Instead of building new, prospective homeowners might want to consider renovating existing buildings, Swartz says. He says that renovating can be accomplished for about $90,000, on average. Swartz recommends finding homes that have been vacant for less than three years.
Bethany Davidson, head of Pittsburgh Community Reinvestment Group’s vacant property working group, agrees. She says that it costs 40 percent less to renovate than to build from the ground up.
However, finding such salvageable properties is not easy. Davidson says that more than 25 percent of parcels in Pittsburgh (whether built on or not) are classified as distressed. This means they are either physically distressed (suffering everything from chipping paint to complete structure collapse) or economically distressed (for example, tax delinquent). Most fit into the former category, she says.
Davidson says the goal is to stabilize distressed properties to ensure they do not fall into disrepair, thus costing developers tens of thousands of additional dollars. She adds that the city receives federal funds to stabilize city-owned blighted lots. (Privately owned blighted lots are also a big problem, but mostly out of the city’s hands.) But there is only so much the city can accomplish to save its thousands of abandoned homes.
“Despite their best efforts, there is never enough funding to go around,” says Davidson. “[The city] has to focus on triage and public safety first.”
Representatives of the mayor’s office did not return calls seeking comment on the city’s property-stabilization efforts.
City programs exist to aid buyers of abandoned homes. Davidson says individuals can apply for a tax abatement associated with certain designated districts, grants from the city’s Urban Redevelopment Authority to refurbish a home’s façade, and sidewalk-reconstruction reimbursement programs. She also says individuals can apply for a consolidated loan through the PCRG, in partnership with local banks and the URA, which handles purchase and renovation under one loan.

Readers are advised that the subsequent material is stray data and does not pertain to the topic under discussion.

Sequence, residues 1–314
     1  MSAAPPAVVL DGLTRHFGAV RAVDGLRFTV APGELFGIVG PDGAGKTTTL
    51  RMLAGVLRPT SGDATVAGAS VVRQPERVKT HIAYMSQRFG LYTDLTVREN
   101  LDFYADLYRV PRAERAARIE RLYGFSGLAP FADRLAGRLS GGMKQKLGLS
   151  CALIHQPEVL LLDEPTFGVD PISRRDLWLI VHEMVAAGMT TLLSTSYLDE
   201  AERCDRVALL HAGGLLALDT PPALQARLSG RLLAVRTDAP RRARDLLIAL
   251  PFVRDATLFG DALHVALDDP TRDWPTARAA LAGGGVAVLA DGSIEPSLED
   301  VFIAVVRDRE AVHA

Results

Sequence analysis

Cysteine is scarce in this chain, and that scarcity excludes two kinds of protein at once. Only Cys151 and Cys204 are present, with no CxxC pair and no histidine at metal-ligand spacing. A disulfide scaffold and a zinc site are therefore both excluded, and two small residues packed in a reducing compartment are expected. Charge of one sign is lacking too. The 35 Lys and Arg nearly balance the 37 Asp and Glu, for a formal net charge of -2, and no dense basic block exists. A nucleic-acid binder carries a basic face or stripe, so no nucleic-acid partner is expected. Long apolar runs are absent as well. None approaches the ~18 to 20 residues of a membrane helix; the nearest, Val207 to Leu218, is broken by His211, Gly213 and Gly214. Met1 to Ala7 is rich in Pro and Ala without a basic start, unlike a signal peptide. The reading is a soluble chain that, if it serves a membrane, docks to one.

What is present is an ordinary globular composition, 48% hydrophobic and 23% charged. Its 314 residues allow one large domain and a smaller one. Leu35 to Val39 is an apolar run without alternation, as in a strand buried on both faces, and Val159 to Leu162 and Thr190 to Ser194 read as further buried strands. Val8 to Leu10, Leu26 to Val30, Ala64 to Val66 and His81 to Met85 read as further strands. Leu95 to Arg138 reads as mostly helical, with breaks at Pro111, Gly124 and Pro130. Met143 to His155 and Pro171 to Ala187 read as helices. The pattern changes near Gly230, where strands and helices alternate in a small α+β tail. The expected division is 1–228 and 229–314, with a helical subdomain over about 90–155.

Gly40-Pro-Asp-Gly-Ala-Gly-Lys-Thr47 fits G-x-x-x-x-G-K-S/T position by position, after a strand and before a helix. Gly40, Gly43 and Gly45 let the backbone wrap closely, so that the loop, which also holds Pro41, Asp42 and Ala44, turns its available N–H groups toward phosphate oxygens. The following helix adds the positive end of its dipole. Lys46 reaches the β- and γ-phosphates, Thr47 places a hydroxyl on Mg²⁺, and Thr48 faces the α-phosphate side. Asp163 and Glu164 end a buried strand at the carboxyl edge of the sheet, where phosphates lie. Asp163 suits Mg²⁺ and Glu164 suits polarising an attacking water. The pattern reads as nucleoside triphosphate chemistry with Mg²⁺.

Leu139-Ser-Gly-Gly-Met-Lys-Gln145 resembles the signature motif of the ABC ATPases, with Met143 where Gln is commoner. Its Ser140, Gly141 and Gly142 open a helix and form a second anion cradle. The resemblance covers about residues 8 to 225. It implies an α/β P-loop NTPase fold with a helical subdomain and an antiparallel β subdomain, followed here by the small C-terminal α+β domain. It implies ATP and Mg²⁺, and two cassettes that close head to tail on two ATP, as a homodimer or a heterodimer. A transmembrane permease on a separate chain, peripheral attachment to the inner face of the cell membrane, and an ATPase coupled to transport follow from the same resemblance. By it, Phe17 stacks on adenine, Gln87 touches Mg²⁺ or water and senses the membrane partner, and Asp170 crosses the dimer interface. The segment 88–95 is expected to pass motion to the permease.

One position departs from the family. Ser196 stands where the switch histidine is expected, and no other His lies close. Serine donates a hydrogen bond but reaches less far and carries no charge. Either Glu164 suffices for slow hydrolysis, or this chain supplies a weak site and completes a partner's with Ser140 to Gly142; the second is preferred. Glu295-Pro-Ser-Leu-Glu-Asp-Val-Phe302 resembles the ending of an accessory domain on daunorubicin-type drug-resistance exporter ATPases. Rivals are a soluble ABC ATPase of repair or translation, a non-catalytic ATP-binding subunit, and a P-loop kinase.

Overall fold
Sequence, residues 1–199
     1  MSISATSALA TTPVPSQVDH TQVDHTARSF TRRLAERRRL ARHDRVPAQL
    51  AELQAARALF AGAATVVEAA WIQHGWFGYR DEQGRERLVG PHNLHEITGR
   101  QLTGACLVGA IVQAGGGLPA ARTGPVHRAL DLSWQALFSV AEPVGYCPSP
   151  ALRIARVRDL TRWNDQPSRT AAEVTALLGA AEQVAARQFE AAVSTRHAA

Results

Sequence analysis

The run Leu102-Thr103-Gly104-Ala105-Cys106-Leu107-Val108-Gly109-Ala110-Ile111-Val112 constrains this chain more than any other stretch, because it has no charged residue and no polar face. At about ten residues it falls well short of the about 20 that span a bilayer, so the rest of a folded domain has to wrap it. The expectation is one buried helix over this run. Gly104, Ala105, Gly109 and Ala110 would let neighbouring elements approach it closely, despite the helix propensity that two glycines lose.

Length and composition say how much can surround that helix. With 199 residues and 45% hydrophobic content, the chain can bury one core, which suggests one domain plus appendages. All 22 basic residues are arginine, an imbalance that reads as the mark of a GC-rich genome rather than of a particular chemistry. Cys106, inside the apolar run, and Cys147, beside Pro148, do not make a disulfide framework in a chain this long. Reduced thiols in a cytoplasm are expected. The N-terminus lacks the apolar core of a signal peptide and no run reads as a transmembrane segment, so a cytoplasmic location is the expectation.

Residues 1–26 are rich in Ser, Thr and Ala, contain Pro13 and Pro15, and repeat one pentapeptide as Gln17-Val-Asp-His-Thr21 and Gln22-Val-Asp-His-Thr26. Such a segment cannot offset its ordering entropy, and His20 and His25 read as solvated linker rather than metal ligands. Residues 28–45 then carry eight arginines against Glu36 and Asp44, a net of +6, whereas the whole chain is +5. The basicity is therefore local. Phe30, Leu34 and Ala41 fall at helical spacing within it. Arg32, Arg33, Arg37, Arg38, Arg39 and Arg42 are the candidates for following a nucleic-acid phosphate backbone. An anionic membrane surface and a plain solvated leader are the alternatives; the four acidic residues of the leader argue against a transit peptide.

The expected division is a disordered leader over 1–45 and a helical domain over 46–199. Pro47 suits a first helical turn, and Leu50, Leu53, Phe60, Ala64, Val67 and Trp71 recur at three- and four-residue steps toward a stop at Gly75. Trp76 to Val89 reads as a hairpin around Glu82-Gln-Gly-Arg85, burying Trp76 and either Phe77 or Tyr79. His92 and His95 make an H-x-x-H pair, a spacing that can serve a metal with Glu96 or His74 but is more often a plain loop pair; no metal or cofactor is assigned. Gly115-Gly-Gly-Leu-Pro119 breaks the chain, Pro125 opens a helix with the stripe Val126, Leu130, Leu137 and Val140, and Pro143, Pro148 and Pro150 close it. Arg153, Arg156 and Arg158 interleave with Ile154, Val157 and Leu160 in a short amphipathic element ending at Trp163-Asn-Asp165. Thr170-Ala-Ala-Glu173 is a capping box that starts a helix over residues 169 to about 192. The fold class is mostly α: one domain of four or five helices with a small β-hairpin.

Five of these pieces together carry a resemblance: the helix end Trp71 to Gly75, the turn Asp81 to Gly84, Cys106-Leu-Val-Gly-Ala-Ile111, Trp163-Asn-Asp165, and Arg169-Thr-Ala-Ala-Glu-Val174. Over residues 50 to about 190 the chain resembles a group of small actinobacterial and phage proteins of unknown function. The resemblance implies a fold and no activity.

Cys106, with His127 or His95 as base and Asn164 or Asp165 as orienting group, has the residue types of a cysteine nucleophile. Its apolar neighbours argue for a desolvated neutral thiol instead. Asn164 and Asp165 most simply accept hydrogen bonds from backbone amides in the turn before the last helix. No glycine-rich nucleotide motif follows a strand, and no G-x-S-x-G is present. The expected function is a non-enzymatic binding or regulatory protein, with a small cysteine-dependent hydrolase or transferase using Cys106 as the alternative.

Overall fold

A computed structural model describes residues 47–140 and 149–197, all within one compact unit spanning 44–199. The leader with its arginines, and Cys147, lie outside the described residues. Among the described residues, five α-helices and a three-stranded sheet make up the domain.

Pittsburgh’s Land Bank is also beginning work to combat the problem. Its goal is to make it easier for developers, community groups and neighbors to fix up blighted, abandoned properties. Pittsburgh City Councilor Ricky Burgess, chair of the land bank, says it is in the process of procuring funding for a staff. Once funding and a staff are established, says Burgess, the bank will focus on gathering up vacant parcels and maintaining them.
However, Burgess says, the cost to build on the properties will be on the developer, “at least for now.”
For Picker’s part, to recoup her costs on the tiny house, she says, the property must sell for about $100,000. That’s much higher than she wanted, but lower than it could have been, thanks to grants and donations totaling around $90,000 from contributors including the BGC, the URA and IKEA. Through Picker’s new equity crowdfunding site smallchange.com, funds are currently being raised to cover the remaining amount of the construction loans. As of press time, the website has raised $37,000 of the $100,000 from eleven investors.
URA chair Kevin Acklin says that the city was happy to invest in the tiny house and that it was a “great pilot” for an effort at a sustainable home. “It was worth the investment,” he says. “whether it is scalable, is yet to be seen.”
While Picker is not happy with the tiny house’s price tag, she says she still wants to pursue the tiny house as an affordable model for blighted neighborhoods. But she says that she might change her development strategy.
“I am pursuing up to six tiny houses on three lots, trying to get them on one parcel,” says Picker. “That way the site preparation cost is lower per house.”